Lots of the world is currently dealing with “shelter-in-place” or other names for keeping people at home to try to avoid the spread of the Coronavirus aka COVID19. Here in Alameda, we have completed a week of working from home, and school-from-home too for our two elementary school age kids. For me, WFH is my norm, so the only real change I’ve noticed has been the increased noise in the house! For the kids, it has been a big change though, and I thought I’d capture some of the ideas we’ve come up with in case they’re useful for others, and also some things I’m looking at for the coming weeks.

School Work

Starting on Tuesday of last week, our kids were assigned work in an online application called IXL. There is a lot of content in here, organized by grade and topic (Math, English, Science and Social Studies). For our third grader, his teachers have been recommending the sections he should work on; for the kindergartener, she was basically left to explore at the start of the week. Later on, her teacher did flag which ones they should focus on.

The application does have a “diagnostic” area where it tests the student to determine their level, but both kids quickly got fed up with that and did not manage to complete it. It isn’t even clear that it did end – the third grader did spend at least 30 minutes on this and it was still going.

Boring & Frustrating

After a few days of working with IXL, both kids announced that they found it boring. The presentation is very plain; they press a big green button when they have filled in their answer, or selected their choice. The button is labeled “Submit” – just not kid friendly.

More frustrating though is the progress bar & scoring system. Each exercise has 100 points available when completed. The first question will often make the score jump into the twenties, after that each question is worth ever diminishing amounts, until by the end it is often just one point for each question.

Even worse, getting an answer wrong subtracts points, and not just a few. In one case, I watched it reduce the score from 97 to 67. That is a question that had he submitted the correct answer would have been worth just one point, but when he got it wrong resulted in a huge step back. These tests do not have a fixed number of questions, instead they keep going until you reach 100, so these leaps backward are pretty frustrating for the kids.


The kindergartener has also been given her login for Kids A-Z to access Headsprout, a reading application. This one she did enjoy doing, and the presentation is clearly more kid-friendly. Looks like this needs to be something the school signs up for though as the first question on the home page is the teacher’s name!

Social Contact

.While the school was busy working on getting the academic components worked out, we took on the challenge of trying to allow the kids to stay in touch with each other.

Our solution, tested on third grade first but then expanded to every grade of elementary, was to create a video conference room where the kids could drop in and chat, just hang out while they worked or played, or even play games with each other. We used Jitsi, which is a free video conferencing service that works in Chrome (including on Chrome books) and also has apps for iOS and Android.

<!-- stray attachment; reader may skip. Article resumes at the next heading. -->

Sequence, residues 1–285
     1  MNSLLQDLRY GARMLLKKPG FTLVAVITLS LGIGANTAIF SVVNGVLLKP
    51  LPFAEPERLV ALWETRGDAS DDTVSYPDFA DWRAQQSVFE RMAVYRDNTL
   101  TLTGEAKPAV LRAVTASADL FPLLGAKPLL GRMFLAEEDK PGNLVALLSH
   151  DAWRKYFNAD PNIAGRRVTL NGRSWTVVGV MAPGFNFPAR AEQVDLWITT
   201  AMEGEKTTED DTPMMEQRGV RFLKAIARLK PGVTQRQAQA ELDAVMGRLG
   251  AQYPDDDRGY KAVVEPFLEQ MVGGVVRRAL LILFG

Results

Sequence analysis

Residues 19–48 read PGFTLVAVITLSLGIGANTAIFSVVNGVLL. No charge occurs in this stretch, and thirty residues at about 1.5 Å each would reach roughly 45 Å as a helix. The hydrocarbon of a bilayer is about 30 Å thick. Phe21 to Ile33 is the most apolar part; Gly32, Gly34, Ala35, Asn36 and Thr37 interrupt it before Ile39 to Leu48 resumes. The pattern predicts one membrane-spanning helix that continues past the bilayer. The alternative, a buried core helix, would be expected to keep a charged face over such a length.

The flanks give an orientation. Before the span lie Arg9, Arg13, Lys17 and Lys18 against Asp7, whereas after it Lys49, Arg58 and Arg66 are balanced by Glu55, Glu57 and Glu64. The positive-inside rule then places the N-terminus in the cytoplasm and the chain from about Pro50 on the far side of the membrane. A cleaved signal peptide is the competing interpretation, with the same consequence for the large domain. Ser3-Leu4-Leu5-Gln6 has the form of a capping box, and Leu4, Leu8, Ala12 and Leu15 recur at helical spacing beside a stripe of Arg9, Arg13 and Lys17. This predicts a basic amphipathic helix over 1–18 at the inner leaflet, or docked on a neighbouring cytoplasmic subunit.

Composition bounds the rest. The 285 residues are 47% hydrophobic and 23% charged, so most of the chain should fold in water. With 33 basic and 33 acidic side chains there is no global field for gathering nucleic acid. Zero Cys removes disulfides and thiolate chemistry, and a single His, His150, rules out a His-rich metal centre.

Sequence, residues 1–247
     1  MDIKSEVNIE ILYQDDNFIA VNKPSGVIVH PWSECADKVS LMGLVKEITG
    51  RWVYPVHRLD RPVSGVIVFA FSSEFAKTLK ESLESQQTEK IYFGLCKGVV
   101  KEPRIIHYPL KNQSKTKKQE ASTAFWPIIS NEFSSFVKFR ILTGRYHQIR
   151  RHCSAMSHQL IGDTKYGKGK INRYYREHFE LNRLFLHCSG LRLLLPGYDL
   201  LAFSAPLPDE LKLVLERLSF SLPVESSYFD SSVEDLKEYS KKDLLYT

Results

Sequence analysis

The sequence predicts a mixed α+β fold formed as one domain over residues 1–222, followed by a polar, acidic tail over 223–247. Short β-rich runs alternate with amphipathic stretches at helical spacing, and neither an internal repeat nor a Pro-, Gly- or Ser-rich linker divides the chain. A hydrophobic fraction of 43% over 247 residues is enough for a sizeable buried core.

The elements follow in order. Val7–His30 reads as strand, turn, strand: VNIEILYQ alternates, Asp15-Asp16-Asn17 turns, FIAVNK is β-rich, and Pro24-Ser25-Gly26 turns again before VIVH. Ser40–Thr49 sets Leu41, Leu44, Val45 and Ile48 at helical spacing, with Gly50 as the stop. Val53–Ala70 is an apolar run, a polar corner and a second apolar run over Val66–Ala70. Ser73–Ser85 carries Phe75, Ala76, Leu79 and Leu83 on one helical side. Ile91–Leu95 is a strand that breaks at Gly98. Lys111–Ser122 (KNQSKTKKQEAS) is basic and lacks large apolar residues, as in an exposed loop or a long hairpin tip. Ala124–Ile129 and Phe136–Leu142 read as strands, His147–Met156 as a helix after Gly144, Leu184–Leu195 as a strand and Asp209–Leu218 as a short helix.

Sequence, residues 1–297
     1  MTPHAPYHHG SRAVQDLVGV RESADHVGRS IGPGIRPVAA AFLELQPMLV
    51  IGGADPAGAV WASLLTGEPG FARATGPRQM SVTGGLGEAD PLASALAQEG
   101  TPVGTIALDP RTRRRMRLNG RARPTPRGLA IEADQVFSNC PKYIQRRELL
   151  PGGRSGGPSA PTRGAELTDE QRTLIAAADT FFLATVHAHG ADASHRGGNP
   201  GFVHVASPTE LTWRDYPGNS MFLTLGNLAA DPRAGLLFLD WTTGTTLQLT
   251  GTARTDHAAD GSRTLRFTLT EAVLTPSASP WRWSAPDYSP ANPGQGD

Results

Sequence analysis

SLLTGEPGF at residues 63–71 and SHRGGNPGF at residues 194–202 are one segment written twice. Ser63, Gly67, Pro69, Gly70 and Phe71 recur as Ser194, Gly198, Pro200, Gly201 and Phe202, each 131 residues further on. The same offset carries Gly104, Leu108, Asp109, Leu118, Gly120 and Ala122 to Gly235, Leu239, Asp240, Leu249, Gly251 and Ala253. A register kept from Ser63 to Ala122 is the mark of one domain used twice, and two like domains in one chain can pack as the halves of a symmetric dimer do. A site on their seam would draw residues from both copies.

For the first couple of days, I had the room open on my laptop (camera & mic off) so I could monitor them and make sure there was nothing inappropriate. With exception of one who found the way to add a password on the room (and was hastily told to remove it or be banned), the kids behaved really well.

Games & More

The end of the first day, a group of the third graders started an impromptu game of pictionary over the video link. They played for a while, and had a blast while doing it. Since then, the video room has attracted more and more of the kids, and they’re always letting people know who dropped in earlier too – the afternoon one of their teachers dropped in was a big hit.

I’ve heard from other grades that they are also enjoying it and, while it is certainly no substitute for the kids hanging out together, it is as close as we’re likely to get over the next few weeks.

Future Ideas

Trying to look into some more things we can do to try to make this less painful for the kids. Missing school was one thing, missing after school sports hit a little harder, but missing time with their friends at the weekend has been even tougher.

Some ideas I’m working on logistics for (not least how to fit this around work):

  • Converting my after school coding class into something I can do via the Jitsi video conferencing system. Might also try to make YouTube versions of this so I can make it more widely available.
  • Story time for the kindergarteners, again over the video conferencing (with dial in perhaps for people who can’t get into it on a computer or device).
  • Other online services that might provide activities for the kids, especially ones that don’t require screen time. One that falls into that category is Pinna, which has kid-oriented podcasts and audio books. They are also offering a 60 day free trial at the moment with the code PINNA4KIDS.

If you have any other great ideas for keeping the kids occupied, leave them in the comments. Any that we try, I’ll add reviews of here.

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